No contingency was set aside to cover “unknown
unknonws” (Ventilation system).
The specifications for British rolling stock and French
rolling stock were not the same.
The Implementation Phase
With costs out of control, fixed-priced contract were
awarded to contractors in order to have any chance of
winning the bid and not risk losing the bid to next
lowest bidder.
Contractors assumed an optimistic case, and since
underground construction is rife with changed
Early Problems
No air-conditioning was included costing US$200
million more.
The Intergovernmental Commission (IGC) approved
designs that weren’t within the original concession
Thus indicating possible problems with initiation and
Early Problems
The lack of defined scope makes resource planning,
cost estimating, and budgeting difficult.
Return on Investment (R.O.I.) assumptions made in
the planning stages may not prove accurate. Leaving a
trail of unhappy investors and stakeholders.
Early Problems
From US$5.5 Billion to US$7.1 Billion
Ongoing safety requirements changes sought by ICG
continued to create negative impact.
Not enough was understood to limit the impact of
known and unknown risks.
Contractual errors were made in the estimates and
risk allocation method, costing additional US$2.25
Early Problems
Passenger doors be widened from 600mm to 700mm.
Cost increase from US$9 million to US$7O million.
Objectives of a project need to be identified and
communicated clearly from the beginning. This was
the largest and most damaging failure of both
Early Problems
By not having the real goals, objectives, and scope
defined early, and by not implementation a contract
method that directly linked the rewards to contractors
at all levels of the procurement chain to those
The project was essentially run by bankers.
The Chunnel project had to be financed through
private sources without government aid or loan
The government was prohibited from regulating
prices except in monopolies.
Financing was pursed via equity and loan capital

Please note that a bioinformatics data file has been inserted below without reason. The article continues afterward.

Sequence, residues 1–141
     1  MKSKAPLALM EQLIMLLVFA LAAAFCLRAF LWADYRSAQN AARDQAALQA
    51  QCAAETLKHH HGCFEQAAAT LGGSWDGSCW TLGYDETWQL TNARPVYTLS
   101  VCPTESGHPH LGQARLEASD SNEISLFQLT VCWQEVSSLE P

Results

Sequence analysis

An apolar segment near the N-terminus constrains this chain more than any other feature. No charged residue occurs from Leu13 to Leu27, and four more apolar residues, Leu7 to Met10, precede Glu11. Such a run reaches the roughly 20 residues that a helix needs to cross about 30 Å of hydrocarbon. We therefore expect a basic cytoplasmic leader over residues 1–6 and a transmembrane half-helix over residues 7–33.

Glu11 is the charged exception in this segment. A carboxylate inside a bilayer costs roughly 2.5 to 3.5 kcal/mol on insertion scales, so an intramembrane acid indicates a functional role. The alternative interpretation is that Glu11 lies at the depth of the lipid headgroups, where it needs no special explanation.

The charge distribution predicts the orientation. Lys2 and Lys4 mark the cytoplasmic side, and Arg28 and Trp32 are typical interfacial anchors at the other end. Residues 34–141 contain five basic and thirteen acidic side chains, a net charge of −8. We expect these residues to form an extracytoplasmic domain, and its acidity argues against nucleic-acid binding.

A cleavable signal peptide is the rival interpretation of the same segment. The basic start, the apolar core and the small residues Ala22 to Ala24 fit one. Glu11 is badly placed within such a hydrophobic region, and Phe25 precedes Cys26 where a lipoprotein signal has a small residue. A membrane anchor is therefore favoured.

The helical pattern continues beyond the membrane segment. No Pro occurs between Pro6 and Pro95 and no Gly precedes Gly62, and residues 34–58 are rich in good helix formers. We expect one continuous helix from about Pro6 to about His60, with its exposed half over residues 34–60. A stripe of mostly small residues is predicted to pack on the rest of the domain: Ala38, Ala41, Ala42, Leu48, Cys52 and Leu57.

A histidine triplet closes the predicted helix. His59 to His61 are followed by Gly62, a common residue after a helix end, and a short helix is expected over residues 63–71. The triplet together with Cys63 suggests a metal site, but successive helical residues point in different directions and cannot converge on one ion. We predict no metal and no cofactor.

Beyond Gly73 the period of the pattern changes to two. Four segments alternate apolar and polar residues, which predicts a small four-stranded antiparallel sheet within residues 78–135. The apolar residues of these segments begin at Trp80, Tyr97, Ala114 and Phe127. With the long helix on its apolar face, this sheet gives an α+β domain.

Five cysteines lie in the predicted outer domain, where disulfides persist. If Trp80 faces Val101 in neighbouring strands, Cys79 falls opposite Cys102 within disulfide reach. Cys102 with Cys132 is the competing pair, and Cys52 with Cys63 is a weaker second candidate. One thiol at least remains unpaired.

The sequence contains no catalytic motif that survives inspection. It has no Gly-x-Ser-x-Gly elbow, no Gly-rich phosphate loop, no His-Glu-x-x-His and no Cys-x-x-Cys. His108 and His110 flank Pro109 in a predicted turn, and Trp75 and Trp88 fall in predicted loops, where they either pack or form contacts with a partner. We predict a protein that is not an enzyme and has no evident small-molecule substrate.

Most shareholders seeking equity interest were
mostly in France and eventually Britain.
206 banks world wide participated with the loan.
The refinancing had to be pursued, should negative
variances in time and cost estimates occur.
The Development Phase
Consisted of detailed planning, communication,
agreements, and government approvals.
A large part of the struggles were do to inflexibility of
some characteristics of the project, and cross-cultural
exchange between 2 countries.
The Development Phase
A scope creep played a large part in the substantial
increase from its initial cost estimates, and its
completion behind schedule.
The scope was not fully assessed and the proper
precautions to prevent scope creep weren’t put in
The project team were able to understand the
complexity and were able to use previous research on
the soil, but in the end, the lack of continued focus on
the scope resulted in the frustrations of trying to do
too much.
Financial Issues during Closing
Focused on minimizing their losses, refused to accept
negotiated arrangements for settling some of the key
contracts disputes.
International Chamber of Commerce was involved
with helping the various competing sides to
bargaining table in an attempt to resolve key portions.
Success From a Project
Management Perspective
Contracts are a critical part of the procurement
management process.
Contracts define the scope of work, cost, timeline and
rules of engagement.
Risk planning and mitigation needs to be ongoing part
of each project.
The hope is that most material risk are identified,
quantified, and prioritized early enough so that an
effective risk response strategy can be establish.
Success From a
Project Management Perspective
3 tunnels total North, South, and Service.
46 contractors were hired.
The tunneling itself was finished 3 months ahead of
Each team member has a responsibility for quality.
Quality requirements were mostly defined up-front,
quality planning, quality assurance, and quality
Success From a
Project Management Perspective
Team work was necessary to complete this project.
It was estimated that 15,000 workers were employed
on the project.
From a P.O.V. quality management was a success.
The completion of the project was rushed to allow
operations to begin before the entire effort was
The tunnel was actually completed.
Teamwork and communication were broken down
into several key areas.